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I realize that tinyint is a single byte integer (by the way, is it signed or unsigned?). What does the argument (3) signify? I've searched and couldn't find the answer.

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I'm using sqlite and I don't see any difference between tinyint and tinyint(3). –  Mk12 Jun 15 '12 at 2:40
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@Mk12 It is because SQLite "mock implements" data-types (basically, it accepts the syntax but otherwise ignores it). Read the fine manual. –  user166390 Jun 15 '12 at 2:42

2 Answers 2

up vote 2 down vote accepted

See this blog page about MySQL column type definitions.

For numeric types length modifier is actually display width, which has nothing to do with what can be stored in field. Yes, that’s it – both TINYINT(1) and TINYINT(4) can store values in range -128..127 (or for unsigned values 0..255), and are absolutely identical datatypes, with one small twist (which concerns date retrieval – see below). Here is explanation of what is meant by display width, taken directly from the source:

The display width does not constrain the range of values that can be stored in the column, nor the number of digits that are displayed for values having a width exceeding that specified for the column. For example, a column specified as SMALLINT(3) has the usual SMALLINT range of -32768 to 32767, and values outside the range allowed by three characters are displayed using more than three characters.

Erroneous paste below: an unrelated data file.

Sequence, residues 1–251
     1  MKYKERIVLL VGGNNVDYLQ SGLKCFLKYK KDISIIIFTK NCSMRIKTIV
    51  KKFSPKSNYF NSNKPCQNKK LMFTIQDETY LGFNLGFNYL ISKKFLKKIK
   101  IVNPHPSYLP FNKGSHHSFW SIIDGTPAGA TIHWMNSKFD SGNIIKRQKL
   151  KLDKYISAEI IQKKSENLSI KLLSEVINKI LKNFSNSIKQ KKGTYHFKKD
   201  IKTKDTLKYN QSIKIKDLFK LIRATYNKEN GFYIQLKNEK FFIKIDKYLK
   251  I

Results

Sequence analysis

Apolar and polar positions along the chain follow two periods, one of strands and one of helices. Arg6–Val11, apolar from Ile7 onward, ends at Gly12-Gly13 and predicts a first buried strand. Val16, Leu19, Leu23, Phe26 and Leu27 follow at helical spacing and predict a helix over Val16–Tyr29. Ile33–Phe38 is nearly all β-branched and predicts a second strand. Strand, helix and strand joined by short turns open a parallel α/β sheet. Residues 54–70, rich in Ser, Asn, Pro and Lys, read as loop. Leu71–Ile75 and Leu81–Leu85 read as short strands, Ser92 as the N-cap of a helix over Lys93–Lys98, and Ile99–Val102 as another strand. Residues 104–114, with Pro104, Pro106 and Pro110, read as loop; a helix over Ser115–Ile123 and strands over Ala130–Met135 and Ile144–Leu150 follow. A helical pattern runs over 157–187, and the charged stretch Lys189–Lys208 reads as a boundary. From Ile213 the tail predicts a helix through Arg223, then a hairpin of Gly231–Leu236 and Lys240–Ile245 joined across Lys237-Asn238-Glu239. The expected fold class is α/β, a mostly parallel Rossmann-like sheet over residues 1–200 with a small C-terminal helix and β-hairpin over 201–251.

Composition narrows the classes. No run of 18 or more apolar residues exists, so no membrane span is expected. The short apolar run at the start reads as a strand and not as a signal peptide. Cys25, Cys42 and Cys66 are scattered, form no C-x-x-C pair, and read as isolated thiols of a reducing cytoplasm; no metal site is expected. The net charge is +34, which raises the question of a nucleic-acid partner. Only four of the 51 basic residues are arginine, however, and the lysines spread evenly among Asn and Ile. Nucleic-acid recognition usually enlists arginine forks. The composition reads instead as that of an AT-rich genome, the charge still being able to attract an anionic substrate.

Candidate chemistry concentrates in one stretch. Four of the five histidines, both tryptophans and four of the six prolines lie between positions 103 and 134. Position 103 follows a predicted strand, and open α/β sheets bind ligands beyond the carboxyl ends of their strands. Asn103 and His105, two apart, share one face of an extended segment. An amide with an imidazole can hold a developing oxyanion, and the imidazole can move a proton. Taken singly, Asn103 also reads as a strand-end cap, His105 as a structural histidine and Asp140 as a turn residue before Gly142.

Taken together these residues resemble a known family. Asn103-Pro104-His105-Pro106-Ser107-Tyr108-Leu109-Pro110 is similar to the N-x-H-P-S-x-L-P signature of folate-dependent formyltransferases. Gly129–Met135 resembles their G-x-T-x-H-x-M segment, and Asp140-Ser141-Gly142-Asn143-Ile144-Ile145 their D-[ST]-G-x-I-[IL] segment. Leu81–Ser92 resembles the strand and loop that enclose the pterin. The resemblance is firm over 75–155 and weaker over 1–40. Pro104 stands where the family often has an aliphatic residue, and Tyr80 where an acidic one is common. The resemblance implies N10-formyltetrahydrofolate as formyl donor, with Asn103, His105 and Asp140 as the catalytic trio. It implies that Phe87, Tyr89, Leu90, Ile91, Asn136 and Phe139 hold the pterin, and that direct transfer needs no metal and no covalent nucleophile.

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SQLite "mock implements" data-types on columns. Basically, it accepts the standard SQL syntax but otherwise ignores it. (But see type affinity and coercions.)

See Manifest Typing in the "differences" documentation.

Most SQL database engines use static typing. A datatype is associated with each column in a table and only values of that particular datatype are allowed to be stored in that column. SQLite relaxes this restriction by using manifest typing. In manifest typing, the datatype is a property of the value itself, not of the column in which the value is stored. SQLite thus allows the user to store any value of any datatype into any column regardless of the declared type of that column. (There are some exceptions to this rule: An INTEGER PRIMARY KEY column may only store integers. And SQLite attempts to coerce values into the declared datatype of the column when it can.)

Also see Datatypes in SQLite Version 3 and Type Affinity:

The affinity of a column is determined by the declared type of the column, according to the following rules in the order shown:

  • If the declared type contains the string "INT" then it is assigned INTEGER affinity.

  • [other rules omitted for brevity]


For other databases, see the appropriate database-specific documentation :-)

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